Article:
North 2 utilities plan: Info session set for Monday
City staff and project contractors will be available to answer questions from property owners in the North 2 Utilities Extension Project area at City Hall on Monday.
Staff encourages owners of the nearly 9,000 parcels to attend the informational meeting between 4 and 8 p.m. to have their concerns addressed and fully understand the project and the benefits they receive in return.
Public Works Director Paul Clinghan and UEP manager Kevin Higginson will be joined by representatives from the construction manager Greeley & Hansen and perhaps some of the seven different contractors. They will be located in Council Chambers to field general project questions.
“A representative from the health department will be there for the septic abandonment part of the project,” said Connie Barron, city spokesperson.
Property owners are encouraged to visit Conference Room 220 to get financial answers from several staff members handling the financing aspect of the project. If you learn that you qualify for the city’s hardship program you will be sent to Conference Room 224 to file an application.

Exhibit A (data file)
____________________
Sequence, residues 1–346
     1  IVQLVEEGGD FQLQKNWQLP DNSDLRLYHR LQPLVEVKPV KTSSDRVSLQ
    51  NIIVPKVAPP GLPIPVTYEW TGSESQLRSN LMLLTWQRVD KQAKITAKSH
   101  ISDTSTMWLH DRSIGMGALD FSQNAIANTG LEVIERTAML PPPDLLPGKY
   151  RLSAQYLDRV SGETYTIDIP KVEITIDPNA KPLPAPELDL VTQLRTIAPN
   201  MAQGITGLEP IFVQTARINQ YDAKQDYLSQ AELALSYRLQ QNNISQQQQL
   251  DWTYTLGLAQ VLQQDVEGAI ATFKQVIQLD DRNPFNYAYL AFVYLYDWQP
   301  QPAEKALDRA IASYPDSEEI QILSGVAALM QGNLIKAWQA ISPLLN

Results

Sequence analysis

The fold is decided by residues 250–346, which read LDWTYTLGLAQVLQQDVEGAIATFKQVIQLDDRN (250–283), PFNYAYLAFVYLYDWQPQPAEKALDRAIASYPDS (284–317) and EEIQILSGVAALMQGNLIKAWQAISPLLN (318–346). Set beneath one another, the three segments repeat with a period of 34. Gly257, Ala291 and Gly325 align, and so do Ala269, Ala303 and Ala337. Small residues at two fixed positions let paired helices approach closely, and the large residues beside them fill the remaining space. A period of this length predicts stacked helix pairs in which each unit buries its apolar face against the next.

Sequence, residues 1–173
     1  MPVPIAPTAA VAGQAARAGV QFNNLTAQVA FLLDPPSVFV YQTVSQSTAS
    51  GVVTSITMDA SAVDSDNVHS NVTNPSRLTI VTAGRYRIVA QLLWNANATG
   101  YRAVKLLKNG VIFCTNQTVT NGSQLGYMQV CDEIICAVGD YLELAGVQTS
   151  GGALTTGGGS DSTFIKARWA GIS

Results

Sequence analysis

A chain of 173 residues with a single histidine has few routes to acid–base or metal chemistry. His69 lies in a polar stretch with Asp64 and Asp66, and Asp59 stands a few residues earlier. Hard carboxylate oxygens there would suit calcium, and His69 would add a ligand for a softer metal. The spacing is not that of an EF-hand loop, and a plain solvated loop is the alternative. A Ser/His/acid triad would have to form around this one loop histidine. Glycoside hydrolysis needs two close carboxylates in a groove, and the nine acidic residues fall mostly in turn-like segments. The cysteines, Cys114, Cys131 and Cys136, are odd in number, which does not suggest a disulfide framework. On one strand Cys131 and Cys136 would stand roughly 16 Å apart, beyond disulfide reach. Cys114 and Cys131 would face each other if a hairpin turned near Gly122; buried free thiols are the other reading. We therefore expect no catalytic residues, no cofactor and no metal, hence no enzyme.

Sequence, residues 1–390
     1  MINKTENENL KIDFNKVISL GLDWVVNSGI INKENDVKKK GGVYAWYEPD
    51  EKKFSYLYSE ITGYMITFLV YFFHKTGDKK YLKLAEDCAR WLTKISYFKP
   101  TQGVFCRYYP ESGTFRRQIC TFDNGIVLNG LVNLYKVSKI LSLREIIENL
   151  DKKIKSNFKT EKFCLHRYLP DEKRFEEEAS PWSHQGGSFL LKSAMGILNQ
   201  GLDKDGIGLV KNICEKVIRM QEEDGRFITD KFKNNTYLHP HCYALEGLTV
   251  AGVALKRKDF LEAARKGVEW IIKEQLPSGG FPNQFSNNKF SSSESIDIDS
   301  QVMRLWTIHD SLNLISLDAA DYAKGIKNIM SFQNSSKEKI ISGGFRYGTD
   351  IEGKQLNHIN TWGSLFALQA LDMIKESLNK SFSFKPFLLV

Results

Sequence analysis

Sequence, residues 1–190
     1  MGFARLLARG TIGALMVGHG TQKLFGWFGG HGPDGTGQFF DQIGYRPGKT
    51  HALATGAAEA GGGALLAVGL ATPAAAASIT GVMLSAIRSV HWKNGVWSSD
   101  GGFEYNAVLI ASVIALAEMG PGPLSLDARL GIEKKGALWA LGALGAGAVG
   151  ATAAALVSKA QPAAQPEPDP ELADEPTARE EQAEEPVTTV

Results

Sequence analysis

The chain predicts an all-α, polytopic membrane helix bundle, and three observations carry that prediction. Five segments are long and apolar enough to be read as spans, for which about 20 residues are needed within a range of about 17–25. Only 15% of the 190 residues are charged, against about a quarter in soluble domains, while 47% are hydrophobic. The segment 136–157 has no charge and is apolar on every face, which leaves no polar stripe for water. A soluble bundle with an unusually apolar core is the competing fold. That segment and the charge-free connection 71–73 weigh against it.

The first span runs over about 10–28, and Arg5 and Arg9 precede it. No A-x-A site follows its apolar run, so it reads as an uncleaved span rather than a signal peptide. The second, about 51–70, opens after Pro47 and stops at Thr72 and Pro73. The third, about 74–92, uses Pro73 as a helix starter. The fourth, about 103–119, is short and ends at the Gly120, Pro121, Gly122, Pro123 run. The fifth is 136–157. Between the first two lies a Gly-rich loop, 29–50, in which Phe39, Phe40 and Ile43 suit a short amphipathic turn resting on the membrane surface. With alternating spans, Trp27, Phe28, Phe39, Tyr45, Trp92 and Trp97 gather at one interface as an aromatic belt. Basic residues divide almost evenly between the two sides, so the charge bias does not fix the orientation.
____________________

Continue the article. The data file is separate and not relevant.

The utilities assessment and Capital Facility Expansion Charge are broken down into water, sewer and irrigation fees. The three assessments total $12,632 plus the CFEC charge that with a 20 percent discount totals $5,400 when paid before July 31, 2018. Those fees bring the overall cost for individual home owners to $18,032 on a standard 10,000 square-foot parcel.
“People can pay the CFEC charge up front,” said Barron. “Let’s face it, not many have $18,000 expendable on hand, but they can pay any one, two or all of the six assessment/CFEC charges and you can do that anytime over the next year.”
The financed interest rate for the extension assessment is 5 percent while the rate for CFEC financing is 4.08 percent. Those rates are estimates and could change slightly when the city secures its State Revolving Finance loan. Property owners financing all of the assessed charges over the next 20 years could push the total cost over $32,000.
The city is expected to approve an SRF loan debt ordinance at the next City Council meeting on July 24 to fund the overall project. The current rate for an SRF loan for the city is less than 2 percent.
“SRF is a low interest loan that the city pays back over a period of years as we collect the assessments,” added Barron.
Construction on the $269 million project is slated to start in August with a completion date of August 2019.